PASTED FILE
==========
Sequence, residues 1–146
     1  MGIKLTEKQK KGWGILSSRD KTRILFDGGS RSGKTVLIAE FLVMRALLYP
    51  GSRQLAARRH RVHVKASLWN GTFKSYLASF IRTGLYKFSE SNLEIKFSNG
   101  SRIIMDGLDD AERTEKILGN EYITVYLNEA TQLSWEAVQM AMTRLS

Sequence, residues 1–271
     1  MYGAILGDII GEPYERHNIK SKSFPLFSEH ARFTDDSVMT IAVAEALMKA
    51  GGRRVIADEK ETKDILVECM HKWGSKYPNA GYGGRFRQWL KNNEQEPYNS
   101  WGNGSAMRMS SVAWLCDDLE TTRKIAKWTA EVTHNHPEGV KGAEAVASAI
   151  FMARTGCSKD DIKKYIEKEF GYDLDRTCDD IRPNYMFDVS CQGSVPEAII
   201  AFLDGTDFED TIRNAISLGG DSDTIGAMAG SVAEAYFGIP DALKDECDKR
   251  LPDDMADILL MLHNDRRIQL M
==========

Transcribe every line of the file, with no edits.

Sequence, residues 1–146
     1  MGIKLTEKQK KGWGILSSRD KTRILFDGGS RSGKTVLIAE FLVMRALLYP
    51  GSRQLAARRH RVHVKASLWN GTFKSYLASF IRTGLYKFSE SNLEIKFSNG
   101  SRIIMDGLDD AERTEKILGN EYITVYLNEA TQLSWEAVQM AMTRLS

Sequence, residues 1–271
     1  MYGAILGDII GEPYERHNIK SKSFPLFSEH ARFTDDSVMT IAVAEALMKA
    51  GGRRVIADEK ETKDILVECM HKWGSKYPNA GYGGRFRQWL KNNEQEPYNS
   101  WGNGSAMRMS SVAWLCDDLE TTRKIAKWTA EVTHNHPEGV KGAEAVASAI
   151  FMARTGCSKD DIKKYIEKEF GYDLDRTCDD IRPNYMFDVS CQGSVPEAII
   201  AFLDGTDFED TIRNAISLGG DSDTIGAMAG SVAEAYFGIP DALKDECDKR
   251  LPDDMADILL MLHNDRRIQL M